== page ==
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Performing a Pre-mortem Can Help you Avoid a Post-mortem

We know new businesses fail in large numbers. According to Fortune magazine, nine out of ten start-ups will fail. When the founder shuts down her/his business, it’s customary in Silicon Valley to write an essay that tells the rest of the community what went wrong. That is called a ‘failure post-mortem’ and is becoming so common that it turned into a Silicon Valley mantra: “Fail fast, fail often”. This line is recited at technology conferences and plastered on company walls.

Why do they fail?
Entrepreneur Magazine points out 9 reasons:
• The founder lives in a vacuum, wrapped up in his vision and loses perspective
• The idea doesn’t solve a big problem
• They run out of cash
• They invent concepts, not a complete product
• There are big gaps in the strategy
• The team doesn’t have what it takes
• The competition doesn’t give up easily
• The market moves in an unexpected ways
• They listen to bad advice from the wrong people.

A post mortem in the medical world means finding what went wrong and the cause of death. Pre-mortem is the opposite of post-mortem. A pre-mortem in a business environment comes at the beginning of the project, not at the end so the project can be improved.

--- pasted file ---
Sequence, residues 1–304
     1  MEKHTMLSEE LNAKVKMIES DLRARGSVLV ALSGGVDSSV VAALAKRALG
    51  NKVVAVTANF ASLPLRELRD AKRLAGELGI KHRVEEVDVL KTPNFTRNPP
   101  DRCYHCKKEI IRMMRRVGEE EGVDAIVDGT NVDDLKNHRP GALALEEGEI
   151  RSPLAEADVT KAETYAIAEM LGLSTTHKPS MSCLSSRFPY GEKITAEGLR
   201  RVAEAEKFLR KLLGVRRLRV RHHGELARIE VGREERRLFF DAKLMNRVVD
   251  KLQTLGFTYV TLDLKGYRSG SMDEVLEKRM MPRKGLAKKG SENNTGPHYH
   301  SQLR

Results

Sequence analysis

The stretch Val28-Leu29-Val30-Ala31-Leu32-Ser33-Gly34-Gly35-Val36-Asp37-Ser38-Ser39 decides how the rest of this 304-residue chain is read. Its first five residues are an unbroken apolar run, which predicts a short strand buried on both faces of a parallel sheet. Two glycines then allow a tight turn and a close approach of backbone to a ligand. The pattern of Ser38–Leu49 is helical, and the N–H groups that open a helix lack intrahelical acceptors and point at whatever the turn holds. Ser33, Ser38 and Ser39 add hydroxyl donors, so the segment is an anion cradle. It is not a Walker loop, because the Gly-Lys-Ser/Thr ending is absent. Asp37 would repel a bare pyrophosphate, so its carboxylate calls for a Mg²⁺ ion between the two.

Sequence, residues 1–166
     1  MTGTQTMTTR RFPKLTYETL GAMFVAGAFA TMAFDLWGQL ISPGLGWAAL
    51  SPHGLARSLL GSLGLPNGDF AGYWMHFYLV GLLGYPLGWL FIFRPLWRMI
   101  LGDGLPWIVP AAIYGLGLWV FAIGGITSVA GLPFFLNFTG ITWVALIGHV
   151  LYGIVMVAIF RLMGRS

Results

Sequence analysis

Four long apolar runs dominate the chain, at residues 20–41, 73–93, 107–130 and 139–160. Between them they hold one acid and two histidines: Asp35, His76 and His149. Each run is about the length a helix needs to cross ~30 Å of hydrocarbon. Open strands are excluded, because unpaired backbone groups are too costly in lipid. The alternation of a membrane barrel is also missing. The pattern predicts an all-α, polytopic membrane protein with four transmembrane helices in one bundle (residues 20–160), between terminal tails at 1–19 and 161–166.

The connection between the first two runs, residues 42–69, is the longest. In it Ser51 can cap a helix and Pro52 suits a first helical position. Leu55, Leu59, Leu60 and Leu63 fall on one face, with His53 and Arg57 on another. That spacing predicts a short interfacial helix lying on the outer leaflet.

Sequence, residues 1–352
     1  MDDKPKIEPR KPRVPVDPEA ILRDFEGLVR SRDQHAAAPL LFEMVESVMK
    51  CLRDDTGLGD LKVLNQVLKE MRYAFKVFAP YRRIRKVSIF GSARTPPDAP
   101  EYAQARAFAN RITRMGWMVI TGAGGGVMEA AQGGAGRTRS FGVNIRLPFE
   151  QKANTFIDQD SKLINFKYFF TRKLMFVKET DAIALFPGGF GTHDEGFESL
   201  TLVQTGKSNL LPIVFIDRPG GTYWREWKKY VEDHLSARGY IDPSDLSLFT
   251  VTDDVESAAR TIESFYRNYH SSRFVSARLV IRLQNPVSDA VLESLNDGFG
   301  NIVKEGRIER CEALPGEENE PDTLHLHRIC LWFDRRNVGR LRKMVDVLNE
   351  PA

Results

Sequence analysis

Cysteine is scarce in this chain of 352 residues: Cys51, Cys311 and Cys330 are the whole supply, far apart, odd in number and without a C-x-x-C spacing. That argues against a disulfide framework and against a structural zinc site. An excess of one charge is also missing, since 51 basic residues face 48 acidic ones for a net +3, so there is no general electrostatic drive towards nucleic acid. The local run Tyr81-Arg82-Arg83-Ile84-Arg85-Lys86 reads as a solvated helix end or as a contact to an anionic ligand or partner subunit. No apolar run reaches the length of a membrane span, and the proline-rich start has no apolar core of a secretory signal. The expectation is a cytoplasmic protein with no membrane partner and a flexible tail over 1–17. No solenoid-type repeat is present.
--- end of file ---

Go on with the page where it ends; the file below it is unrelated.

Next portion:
Unlike a risk session when team members are asked what can go wrong, the pre-mortem operates as if the patient already died and asks what went wrong. The team members’ task is to generate plausible reasons why the project has failed.
A research conducted by professors from Wharton School of Business, Cornell and the University of Colorado found that imagining the event as if it has already happened increases the ability to correctly identify problems by 30%.
How is a pre-mortem performed?
After the team has been briefed on the plans, the leader informs them that this project has failed miserably.
Over the next few minutes everyone in the room writes down individually why this project failed, especially the things they would ordinarily not mention for fear of being impolite and politically incorrect.
The leader then asks each team member to read one reason for their list. Each one should state a different reason.
Reviewing the list, the project manager or owner can make adjustments to strengthen the plan.

Although many businesses do a prelaunch risk analysis, the pre-mortem approach offers benefits that the others don’t. It not only helps the team identify potential problems before they happen, it also reduces the “full steam ahead” attitude of people who are deeply invested in the project. It can describe weaknesses that no one dared to mention and lets the team member feel that their input is important. This simple exercise will let the team pick up on early signs of trouble in areas that were mentioned in the room by one team member or another.
By making it safe for people to speak out in the pre-mortem, you may be able to avoid the all too painful post-mortem.

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